The lily pond at the Puerto Vallarta Botanical Garden

Ah, Mexico! I just returned from two weeks in the Puerto Vallarta area and – as I do with any trip – worked in some plant expeditions, amidst time spent ferreting out incredible food, wandering towns and villages, and peacefully resting on sunny beaches with cocktail in hand. (By the way, there are some incredible airfare deals this month so if the sound of warm sand, sunshine and fresh fish tacos sounds appealing… well…?)

Meantime, here’s something I discovered: while you wouldn’t think there could be great horticultural thrills in an area known for its touristic beaches and hotels, in fact the Puerto Vallarta area has much to recommend it to plant-lovers – including a lovely botanical garden.

The Puerto Vallarta Botanical Garden is easy to get to from the city via a super-cheap city bus (take the "El Tuito/Botanical Gardens" bus) – a winding, scenic drive of about 20 minutes, from the historic district directly to the botanical garden gate.

Founded by Robert Price and his mother Betty in 2004, the garden was originally intended to provide a means to protect and conserve endangered native orchids that were being poached from their habitats. But the garden soon grew in scope to include many types of plants, as well as a great restaurant that serves day-visitors and hosts events – all of which helps fund the 501c non-profit garden.

The site consists of 20 acres of natural jungle ranging in elevation from about 1,100 to 1,300 feet above sea level and bisected by streams and trails running down the sometimes steep hillsides. The garden’s features include an orchid conservatory, tree fern grotto, trails through the jungle and a hillside of planted blue agaves, a native Mexican plant collection, a palm collection, tropical fruit trees, and butterfly gardens.

The garden has recently hired a new executive director, Neil Gerlowski, who plans to tackle the important task of developing the site and creating consistent records and labeling for the growing plant collections. The place is already an engaging destination for the general public, thanks to Robert’s aesthetic eye and skill in gathering plant materials: on display are sophisticated mixed terrariums, creative potted plantings, striking vines dripping from arbors, and playfully designed garden beds incorporating bones and skulls, quixotic plants and hardscaping. Now it looks like they’re ready to take the garden to the next level, turning a lovely destination into a serious botanical resource equipped to provide real collection and conservation resources for plants, including endangered species.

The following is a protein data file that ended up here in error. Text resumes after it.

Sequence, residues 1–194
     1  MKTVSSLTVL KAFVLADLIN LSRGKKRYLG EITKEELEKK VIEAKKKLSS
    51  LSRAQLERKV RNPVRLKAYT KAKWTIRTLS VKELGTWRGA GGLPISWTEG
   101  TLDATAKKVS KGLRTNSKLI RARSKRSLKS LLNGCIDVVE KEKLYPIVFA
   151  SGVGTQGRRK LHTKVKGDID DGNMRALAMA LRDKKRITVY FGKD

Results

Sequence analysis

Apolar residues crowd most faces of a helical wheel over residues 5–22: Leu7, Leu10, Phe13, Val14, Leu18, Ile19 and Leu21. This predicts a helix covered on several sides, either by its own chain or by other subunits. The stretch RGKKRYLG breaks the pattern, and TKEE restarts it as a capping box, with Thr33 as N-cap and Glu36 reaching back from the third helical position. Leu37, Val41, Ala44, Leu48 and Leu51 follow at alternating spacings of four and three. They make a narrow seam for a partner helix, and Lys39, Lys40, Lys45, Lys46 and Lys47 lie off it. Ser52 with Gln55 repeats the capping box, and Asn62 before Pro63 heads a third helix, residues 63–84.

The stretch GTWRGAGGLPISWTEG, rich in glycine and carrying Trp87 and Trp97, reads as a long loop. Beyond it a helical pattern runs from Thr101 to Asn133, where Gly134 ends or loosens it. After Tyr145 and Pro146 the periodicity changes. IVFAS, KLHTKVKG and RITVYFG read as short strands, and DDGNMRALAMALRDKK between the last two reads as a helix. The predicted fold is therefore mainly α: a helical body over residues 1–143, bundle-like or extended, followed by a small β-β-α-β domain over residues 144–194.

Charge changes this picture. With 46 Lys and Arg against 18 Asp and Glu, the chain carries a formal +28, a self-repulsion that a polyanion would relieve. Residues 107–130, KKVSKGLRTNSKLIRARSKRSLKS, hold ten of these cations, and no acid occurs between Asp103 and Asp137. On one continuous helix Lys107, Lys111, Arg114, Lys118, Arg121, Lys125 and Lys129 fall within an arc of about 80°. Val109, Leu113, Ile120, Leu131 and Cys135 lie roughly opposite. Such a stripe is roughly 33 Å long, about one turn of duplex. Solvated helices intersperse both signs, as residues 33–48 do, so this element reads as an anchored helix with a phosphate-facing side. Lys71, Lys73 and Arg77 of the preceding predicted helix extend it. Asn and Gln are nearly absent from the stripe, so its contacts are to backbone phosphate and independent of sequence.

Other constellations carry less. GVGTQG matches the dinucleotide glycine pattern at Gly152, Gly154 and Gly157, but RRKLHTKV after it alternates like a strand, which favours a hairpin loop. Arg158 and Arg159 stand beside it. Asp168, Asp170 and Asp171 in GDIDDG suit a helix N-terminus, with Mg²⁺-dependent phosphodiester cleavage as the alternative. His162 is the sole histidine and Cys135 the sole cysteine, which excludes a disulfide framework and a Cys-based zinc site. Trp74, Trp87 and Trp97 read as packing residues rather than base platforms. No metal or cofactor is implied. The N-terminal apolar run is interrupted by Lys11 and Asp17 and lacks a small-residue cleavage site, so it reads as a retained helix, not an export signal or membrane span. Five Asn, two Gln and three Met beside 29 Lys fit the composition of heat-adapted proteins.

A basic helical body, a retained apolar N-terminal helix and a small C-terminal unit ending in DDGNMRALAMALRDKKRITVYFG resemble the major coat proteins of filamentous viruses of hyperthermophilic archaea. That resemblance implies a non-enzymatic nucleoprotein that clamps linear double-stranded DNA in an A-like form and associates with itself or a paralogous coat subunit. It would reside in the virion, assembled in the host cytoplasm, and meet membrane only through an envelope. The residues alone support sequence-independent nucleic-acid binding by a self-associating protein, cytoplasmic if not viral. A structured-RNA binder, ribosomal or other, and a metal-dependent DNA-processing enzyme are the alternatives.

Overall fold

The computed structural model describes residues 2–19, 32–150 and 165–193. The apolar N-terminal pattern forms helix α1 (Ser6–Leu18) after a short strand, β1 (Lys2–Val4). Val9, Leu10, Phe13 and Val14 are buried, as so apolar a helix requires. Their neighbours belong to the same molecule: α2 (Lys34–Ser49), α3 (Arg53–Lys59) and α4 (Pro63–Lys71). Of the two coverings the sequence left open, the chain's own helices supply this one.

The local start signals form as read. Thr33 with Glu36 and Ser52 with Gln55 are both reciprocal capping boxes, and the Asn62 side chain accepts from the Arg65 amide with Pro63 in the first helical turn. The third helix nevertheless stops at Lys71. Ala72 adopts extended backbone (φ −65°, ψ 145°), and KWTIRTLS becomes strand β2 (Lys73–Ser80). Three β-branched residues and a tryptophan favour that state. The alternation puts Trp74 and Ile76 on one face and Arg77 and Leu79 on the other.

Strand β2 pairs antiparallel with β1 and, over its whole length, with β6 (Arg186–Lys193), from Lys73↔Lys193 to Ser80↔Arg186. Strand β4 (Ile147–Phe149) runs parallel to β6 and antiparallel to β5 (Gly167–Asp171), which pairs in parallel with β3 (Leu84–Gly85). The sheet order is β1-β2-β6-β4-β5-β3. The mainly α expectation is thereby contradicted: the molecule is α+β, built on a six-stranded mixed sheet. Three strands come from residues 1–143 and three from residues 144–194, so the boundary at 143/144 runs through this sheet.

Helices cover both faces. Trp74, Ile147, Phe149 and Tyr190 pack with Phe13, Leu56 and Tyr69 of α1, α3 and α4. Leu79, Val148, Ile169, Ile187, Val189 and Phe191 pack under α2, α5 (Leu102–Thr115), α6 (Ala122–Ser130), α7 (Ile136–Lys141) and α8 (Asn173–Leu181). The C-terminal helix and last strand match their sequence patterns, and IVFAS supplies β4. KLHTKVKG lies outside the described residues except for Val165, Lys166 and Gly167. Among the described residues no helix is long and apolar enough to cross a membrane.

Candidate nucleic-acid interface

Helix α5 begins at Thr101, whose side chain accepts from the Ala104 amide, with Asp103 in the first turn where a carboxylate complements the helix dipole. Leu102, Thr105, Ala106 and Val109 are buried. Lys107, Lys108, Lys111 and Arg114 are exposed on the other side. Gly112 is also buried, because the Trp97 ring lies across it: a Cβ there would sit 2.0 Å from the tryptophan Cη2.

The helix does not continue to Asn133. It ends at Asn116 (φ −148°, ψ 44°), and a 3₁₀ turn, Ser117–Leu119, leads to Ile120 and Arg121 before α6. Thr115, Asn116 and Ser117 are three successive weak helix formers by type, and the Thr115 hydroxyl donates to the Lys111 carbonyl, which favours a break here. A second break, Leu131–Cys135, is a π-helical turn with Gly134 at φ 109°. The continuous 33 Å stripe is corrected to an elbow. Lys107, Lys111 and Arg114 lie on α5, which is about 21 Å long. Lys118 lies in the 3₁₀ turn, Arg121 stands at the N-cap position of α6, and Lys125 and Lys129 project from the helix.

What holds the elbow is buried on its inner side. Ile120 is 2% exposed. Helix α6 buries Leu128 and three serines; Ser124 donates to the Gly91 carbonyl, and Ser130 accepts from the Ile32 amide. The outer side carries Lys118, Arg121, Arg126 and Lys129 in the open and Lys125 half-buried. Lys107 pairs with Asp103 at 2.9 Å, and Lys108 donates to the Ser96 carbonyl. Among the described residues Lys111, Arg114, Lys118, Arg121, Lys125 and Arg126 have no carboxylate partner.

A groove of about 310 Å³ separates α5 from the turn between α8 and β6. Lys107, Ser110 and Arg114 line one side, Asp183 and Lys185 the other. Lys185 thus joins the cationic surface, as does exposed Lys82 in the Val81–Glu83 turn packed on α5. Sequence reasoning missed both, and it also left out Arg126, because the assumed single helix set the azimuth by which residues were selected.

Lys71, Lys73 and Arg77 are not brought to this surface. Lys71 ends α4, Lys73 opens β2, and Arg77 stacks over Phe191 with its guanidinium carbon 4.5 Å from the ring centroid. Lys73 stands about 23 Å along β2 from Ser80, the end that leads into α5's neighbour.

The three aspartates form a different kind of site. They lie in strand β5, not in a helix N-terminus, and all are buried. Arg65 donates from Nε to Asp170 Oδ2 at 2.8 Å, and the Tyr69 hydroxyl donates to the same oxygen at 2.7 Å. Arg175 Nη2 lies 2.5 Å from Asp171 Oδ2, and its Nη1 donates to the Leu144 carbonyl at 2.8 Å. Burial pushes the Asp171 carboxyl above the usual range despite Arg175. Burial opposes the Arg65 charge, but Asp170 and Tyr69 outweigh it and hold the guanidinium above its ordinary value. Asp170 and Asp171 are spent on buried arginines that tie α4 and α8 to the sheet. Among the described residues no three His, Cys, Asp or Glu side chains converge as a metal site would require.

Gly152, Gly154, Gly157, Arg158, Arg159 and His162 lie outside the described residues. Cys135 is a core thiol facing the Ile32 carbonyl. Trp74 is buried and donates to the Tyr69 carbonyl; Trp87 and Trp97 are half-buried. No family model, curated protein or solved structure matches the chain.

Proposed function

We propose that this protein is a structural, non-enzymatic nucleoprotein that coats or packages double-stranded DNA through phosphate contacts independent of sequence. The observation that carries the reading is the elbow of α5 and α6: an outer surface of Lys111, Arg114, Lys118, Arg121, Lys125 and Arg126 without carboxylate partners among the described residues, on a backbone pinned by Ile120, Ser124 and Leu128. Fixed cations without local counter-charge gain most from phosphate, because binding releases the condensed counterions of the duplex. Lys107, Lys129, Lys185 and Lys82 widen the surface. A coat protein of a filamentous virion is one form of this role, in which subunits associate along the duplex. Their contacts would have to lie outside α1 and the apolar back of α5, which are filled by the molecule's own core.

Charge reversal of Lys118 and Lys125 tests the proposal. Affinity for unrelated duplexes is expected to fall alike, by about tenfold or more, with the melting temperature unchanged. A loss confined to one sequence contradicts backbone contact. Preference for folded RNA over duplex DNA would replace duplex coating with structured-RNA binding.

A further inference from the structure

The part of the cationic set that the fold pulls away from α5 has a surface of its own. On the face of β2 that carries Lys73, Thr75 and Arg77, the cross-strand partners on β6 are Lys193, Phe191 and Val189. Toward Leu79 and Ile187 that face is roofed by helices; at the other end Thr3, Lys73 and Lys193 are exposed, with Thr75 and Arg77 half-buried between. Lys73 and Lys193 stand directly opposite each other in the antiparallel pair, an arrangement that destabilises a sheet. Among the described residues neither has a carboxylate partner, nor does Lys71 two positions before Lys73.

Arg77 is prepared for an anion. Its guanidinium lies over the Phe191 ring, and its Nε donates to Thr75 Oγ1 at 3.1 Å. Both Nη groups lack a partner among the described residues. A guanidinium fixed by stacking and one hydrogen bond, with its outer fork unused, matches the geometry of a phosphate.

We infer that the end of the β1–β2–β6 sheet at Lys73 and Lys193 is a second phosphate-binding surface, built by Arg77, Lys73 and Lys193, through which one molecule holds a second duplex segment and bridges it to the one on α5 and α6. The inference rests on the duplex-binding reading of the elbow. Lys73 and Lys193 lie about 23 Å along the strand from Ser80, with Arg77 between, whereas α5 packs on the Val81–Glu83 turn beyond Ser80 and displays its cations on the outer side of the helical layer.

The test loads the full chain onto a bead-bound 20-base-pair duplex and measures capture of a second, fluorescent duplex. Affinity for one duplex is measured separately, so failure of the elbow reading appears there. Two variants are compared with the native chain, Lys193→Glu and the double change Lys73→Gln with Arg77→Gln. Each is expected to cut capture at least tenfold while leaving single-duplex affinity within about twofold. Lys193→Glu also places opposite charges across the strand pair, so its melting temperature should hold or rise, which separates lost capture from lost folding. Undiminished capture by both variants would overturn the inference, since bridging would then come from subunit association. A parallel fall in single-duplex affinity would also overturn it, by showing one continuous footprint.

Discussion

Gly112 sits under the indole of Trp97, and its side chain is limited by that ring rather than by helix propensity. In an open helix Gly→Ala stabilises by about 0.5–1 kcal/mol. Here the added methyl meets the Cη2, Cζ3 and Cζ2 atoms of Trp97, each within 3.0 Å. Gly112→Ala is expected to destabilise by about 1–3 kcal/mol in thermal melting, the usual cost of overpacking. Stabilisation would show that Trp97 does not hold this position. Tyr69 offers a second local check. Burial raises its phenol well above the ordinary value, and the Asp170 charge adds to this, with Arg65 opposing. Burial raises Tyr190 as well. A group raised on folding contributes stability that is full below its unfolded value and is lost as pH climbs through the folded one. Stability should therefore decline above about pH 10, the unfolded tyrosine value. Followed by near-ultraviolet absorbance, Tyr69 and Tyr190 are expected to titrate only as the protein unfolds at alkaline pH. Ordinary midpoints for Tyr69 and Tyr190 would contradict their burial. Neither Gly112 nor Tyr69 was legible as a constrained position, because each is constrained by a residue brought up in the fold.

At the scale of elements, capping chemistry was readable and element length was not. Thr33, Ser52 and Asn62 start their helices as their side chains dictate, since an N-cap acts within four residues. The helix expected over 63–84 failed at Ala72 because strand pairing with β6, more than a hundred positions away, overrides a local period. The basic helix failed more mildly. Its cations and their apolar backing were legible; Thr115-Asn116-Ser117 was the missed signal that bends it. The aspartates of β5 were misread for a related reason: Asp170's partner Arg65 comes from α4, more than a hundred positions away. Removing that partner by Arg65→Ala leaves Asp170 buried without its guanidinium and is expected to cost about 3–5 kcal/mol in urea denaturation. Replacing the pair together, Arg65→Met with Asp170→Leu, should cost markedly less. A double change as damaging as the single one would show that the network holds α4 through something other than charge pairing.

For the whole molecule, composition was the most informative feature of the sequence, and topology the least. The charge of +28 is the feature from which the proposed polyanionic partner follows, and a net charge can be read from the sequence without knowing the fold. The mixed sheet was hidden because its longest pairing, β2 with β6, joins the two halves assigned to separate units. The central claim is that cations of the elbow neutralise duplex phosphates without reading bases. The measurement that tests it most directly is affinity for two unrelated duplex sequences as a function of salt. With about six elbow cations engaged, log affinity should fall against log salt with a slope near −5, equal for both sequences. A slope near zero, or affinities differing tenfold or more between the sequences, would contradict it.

The restaurant, Hacienda de Oro, is a wonderful place to linger and enjoy a cold jamaica drink (made from red hibiscus flowers), spiked with flowers and herbs picked from the garden.

All in all, the garden is a visual treat, with lots of dramatic terrarium and container displays for flower lovers plus great food, fine walking and hiking opportunities, spectacular views from the restaurant, and even bird-watching opportunities for bird geeks (like me!). And based on my conversations with the Robert and Neil, I’d say it will only be growing more exciting for plant collectors and plant nerds as time passes.